two hands with protective mits on, sawing steel sheets

Lumber futures retrace, steel prices soar, and construction inflation rises…

Markets lament the Fed’s recent actions and grapple with spiraling interest rates. PPI for construction materials and services grows by nearly 1% in January, month-on-month.   


Lumber futures dropped sharply towards the end of February after rising above $500 per thousand board feet (mbf) earlier in the month. Data from new residential construction, sales, and capital markets are suggesting demand for forestry products remains anemic. Housing permits and starts for single-family residences shrunk in January and mortgage rates rebounded in the last week of February. Demand for lumber hangs in the balance. North American lumber producers continue tapering sawmill capacity to offset soft demand and slumping prices. However, demand for rental properties grows firm in the wake of expensive homeownership.

The multifamily sector is capitalizing on opportunities. Robust data from the latest CPI print shows rent for primary residences is up 8.6% in January, year-on-year. Data from the Census Bureau reveals multifamily authorized permits are up 5.5% in January compared to the previous month, and projects under construction are up 24.3% compared to January 2022. One market’s pain is another’s gain.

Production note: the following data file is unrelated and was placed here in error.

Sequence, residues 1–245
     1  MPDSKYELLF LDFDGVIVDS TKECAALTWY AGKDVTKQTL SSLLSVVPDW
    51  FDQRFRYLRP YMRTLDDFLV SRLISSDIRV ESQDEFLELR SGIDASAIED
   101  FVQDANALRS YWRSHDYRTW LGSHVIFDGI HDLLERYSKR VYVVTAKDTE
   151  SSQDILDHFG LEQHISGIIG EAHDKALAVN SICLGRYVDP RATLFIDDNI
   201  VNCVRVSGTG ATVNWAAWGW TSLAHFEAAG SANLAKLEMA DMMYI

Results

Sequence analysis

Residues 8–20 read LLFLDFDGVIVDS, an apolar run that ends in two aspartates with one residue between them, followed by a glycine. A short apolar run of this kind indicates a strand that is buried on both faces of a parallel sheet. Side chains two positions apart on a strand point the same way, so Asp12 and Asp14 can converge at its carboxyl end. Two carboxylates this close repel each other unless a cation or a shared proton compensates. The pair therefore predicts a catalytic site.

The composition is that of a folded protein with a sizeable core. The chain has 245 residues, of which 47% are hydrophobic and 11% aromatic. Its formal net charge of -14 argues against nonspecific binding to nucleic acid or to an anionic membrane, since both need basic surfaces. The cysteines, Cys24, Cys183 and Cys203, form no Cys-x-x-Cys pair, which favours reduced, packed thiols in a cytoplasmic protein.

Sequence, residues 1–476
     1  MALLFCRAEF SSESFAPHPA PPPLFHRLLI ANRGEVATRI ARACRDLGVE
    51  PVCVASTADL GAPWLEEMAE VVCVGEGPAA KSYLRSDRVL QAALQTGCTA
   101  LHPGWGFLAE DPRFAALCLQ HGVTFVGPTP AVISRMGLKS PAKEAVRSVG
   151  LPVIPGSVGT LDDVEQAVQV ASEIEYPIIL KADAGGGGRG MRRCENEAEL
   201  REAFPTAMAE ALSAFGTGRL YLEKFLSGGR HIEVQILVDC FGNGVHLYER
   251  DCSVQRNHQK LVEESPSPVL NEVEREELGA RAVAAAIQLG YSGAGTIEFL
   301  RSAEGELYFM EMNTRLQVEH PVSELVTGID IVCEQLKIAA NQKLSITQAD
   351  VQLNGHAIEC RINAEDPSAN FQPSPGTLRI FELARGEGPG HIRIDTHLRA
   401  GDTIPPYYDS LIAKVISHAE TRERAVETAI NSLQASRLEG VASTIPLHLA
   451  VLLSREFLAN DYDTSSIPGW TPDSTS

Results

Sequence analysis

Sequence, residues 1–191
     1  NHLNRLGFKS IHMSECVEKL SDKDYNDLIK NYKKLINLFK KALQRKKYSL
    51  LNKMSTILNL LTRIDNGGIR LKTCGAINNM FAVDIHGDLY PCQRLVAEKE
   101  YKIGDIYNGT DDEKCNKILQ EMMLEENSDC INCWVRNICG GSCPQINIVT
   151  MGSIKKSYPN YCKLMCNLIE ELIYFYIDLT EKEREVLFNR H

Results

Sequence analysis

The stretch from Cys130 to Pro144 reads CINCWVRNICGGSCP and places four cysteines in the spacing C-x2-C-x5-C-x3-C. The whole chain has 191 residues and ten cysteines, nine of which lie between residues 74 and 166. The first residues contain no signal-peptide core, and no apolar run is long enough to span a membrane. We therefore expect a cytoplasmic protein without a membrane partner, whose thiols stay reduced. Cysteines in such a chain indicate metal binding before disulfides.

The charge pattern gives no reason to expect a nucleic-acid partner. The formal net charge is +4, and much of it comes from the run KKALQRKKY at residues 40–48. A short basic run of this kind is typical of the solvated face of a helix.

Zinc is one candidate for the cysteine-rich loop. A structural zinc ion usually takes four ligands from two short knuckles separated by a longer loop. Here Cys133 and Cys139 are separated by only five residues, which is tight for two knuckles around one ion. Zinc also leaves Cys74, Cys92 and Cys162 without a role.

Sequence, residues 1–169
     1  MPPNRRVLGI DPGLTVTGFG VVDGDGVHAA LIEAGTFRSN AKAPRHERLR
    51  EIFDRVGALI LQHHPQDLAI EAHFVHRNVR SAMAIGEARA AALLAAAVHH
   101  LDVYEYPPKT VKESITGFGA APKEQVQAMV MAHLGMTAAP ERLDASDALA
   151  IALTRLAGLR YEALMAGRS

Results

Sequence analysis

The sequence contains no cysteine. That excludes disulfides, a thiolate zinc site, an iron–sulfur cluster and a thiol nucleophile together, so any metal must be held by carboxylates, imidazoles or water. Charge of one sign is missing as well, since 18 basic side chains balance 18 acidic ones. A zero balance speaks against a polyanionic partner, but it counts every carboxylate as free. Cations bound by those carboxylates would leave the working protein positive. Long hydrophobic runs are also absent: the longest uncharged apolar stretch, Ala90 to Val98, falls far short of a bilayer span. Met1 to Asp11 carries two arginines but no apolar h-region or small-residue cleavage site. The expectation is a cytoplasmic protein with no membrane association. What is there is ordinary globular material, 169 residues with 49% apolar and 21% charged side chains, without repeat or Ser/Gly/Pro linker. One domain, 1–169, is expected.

STEEL and others

Metal markets are shining, and steelmakers are basking in the warmth of higher prices. Hot-rolled coil (HRC) steel futures are up nearly 30% year-to-date and edging close to $1,000 per short ton (st). The last time steel futures were this high was over 7 months ago. The resurgence of steel prices is due to ongoing price hikes imposed by steelmakers and buyers are biting. Both Nucor and Cleveland Cliffs announced a $100/st hike on their HRC products this month, effectively raising their price floors to $1,000/st. In nonmetallic mineral markets, prices are pumping. Compared to last year, PPI for prestressed concrete products is up +31%! PPI for cement products rose 7.7% and concrete bricks increased by 4.7% in January, month-on-month. But the steepest monthly rise in PPI was in asphalt which inflated by nearly 22% in January.

This is just a glimpse of how the Infrastructure Investment and Jobs Acts can and will impact the prices of construction materials and availability. If your structural framing system is hampered by rising costs, we can help you explore options. Ask us how we can optimize it.

See below for a commodities snapshot, or click here for the full report.

January 2023 commodities